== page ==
How does the rest of the world view Britain?

A new Ipsos MORI poll reveals that the further you travel away from Britain, the better Britain looks.

Our position in the world and how we are perceived from abroad matters economically and politically. A positive image abroad can support export-led growth and inward investment, but also facilitates "soft power" and British influence on the world stage. Has 2012 changed global perceptions and improved brand Britain?

New Ipsos MORI research for the British Council suggests that Britain’s three big events of the past year – the Olympics, the Paralympics and the Diamond Jubilee – have contributed to an improvement in its reputation overseas and created additional interest in Britain as a place to visit, study and do business. This comes on top of an already positive global image of Britain, one which contrasts with, in many cases, an unnecessarily self-deprecating outlook among Brits as evidenced by our pre-Olympics research, Britain 2012.

Our latest Global Advisor survey across 11 countries including the US, China, India and Russia suggests that the Great British summer has had a positive impact overseas. Almost two thirds of those we polled said that they thought Britain did a good job at organising the Olympics (compared to only 6 per cent who disagreed), and 44 per cent believe that Britain has a greater influence over world affairs as a result (only 3 per cent take a negative view).

More than one in three said the 2012 Games have made them more likely to visit Britain and the same proportion said the Games have made Britain more attractive to them as a place to do business or study. Fewer than one in five said the Olympics have not made them any more likely to want to visit, study or do business in Britain.

The Queen’s Diamond Jubilee also appears to have contributed to improved perceptions of Britain, albeit to a lesser extent. More than a quarter of those surveyed around the world said they had experienced or been aware of the Jubilee in some form. Of those, one in three said they now think more positively about Britain as a result. Only three per cent say that it has had a negative effect on their perceptions of Britain.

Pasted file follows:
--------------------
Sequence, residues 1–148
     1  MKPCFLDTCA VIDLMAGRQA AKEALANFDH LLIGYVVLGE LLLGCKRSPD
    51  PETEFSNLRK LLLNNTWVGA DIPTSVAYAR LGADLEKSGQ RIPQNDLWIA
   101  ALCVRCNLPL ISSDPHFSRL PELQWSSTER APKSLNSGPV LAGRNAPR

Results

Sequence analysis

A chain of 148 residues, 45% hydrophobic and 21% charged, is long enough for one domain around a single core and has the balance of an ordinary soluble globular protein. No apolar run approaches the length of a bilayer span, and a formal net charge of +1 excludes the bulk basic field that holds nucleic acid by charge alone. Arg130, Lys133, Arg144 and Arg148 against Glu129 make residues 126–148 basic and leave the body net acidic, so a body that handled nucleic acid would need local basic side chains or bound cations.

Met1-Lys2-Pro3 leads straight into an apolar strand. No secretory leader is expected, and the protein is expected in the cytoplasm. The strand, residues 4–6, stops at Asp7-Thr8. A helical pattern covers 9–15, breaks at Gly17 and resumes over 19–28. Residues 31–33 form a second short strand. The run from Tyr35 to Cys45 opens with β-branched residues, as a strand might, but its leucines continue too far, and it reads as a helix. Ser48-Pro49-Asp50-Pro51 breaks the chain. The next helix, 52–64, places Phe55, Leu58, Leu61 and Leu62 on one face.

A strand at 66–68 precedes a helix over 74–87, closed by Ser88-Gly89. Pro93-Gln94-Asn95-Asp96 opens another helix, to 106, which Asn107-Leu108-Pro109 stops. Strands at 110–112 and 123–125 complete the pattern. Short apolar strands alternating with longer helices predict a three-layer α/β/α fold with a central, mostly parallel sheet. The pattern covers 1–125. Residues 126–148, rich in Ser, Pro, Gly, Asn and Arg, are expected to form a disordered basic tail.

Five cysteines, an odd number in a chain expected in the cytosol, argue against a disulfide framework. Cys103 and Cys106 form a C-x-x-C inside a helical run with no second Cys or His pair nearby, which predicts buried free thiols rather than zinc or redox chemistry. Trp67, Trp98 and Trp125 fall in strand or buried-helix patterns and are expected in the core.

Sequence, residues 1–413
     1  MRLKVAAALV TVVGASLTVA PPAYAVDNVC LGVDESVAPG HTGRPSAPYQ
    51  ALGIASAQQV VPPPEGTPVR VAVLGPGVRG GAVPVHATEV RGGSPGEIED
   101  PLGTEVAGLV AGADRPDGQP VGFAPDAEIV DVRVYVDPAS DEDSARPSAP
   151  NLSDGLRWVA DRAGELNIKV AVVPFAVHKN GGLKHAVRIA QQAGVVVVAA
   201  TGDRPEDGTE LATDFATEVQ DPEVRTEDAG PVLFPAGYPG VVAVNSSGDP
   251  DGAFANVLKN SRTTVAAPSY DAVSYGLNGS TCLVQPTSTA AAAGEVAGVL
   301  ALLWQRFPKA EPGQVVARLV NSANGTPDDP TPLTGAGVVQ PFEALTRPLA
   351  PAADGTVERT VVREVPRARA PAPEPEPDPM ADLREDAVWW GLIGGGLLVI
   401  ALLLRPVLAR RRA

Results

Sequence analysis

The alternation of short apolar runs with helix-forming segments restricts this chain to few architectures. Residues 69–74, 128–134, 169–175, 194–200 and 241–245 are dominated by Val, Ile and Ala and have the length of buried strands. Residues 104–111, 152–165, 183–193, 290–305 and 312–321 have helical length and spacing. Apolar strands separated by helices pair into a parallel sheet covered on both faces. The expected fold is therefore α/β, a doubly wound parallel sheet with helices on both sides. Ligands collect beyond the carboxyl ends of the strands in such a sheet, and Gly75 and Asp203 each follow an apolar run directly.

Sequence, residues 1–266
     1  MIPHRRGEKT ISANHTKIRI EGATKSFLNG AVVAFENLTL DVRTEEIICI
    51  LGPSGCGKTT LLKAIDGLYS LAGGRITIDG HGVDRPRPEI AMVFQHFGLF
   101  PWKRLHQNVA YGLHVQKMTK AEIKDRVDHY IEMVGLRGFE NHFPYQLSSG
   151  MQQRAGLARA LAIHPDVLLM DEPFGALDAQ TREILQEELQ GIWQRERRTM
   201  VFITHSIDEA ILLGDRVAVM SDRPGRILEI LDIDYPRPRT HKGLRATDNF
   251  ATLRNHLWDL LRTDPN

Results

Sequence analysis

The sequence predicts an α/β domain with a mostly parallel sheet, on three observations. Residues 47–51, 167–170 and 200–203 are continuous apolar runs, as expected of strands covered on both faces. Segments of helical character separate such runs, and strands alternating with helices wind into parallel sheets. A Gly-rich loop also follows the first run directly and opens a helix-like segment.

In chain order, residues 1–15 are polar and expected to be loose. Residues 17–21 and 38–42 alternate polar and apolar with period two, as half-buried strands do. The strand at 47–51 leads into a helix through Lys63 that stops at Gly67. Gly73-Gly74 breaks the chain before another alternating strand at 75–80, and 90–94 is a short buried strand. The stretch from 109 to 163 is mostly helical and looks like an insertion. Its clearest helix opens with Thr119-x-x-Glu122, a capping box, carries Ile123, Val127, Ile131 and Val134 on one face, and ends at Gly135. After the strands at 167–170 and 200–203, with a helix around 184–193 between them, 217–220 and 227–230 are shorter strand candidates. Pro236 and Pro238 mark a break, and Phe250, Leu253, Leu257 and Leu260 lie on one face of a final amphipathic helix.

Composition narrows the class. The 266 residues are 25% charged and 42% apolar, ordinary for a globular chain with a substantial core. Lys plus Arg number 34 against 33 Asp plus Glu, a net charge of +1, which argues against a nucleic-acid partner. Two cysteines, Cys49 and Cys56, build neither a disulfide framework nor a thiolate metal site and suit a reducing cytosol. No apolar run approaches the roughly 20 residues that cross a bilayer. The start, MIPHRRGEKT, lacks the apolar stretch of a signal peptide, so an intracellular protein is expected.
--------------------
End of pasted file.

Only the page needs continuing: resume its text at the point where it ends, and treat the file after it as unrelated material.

So far so good, but is Britain distinctive? There is some evidence from our polling that Britain stands out from other western nations in a way that could be good news for UK plc if harnessed in the right way. For example, other research for the British Council finds that people from the UK are more trusted than, say, those from Germany and from the USA.

Across a whole range of topics, we find people around the world see Britain in a pretty positive light with, for instance, a majority seeing us as a country committed to culture and the arts (54%), with strong democratic values and institutions (56 per cent) and with a good standard of living (59 per cent). The power of the English language is a positive, and cultural activities have a beneficial impact on views of Britain.

As is always the case though, there are some caveats. Much of the research we have conducted over the last twelve months suggests the further you travel away from Britain, the better Britain looks. Our European neighbours and trading partners tend to take a rather less positive view. Perhaps we should not be too surprised that Europeans give us a cool reception – along with ‘in/out’ debates, they are hardly hearing and seeing British confidence, something Boris Johnson pointed out at the CBI annual conference recently.

There is no getting away from the relatively poor self-assessment the British people give Britain. Is this a good place to invest, for instance? Only 24 per cent of us think so. Looking at Britain from outside, however, the figure rises to 42 per cent. The same poll found that only 13 per cent of Brits feel we have a strong economy whilst globally, 48 per cent feel Britain’s economy is strong. And one of the more striking Global Advisor poll findings this year is that Germans were four times more likely to be positive about their economy’s prospects than the British were of theirs.

Still, back in August, 78 per cent of the British public thought that the Olympics had had a positive impact on the way Britain is viewed by the world, and our polling for the British Council shows that they have been proved correct. This means that while this Olympic year is fading fast and interest in Rio 2016 is only just in its infancy, the 2012 legacy opportunities for Britain are still evident and exciting.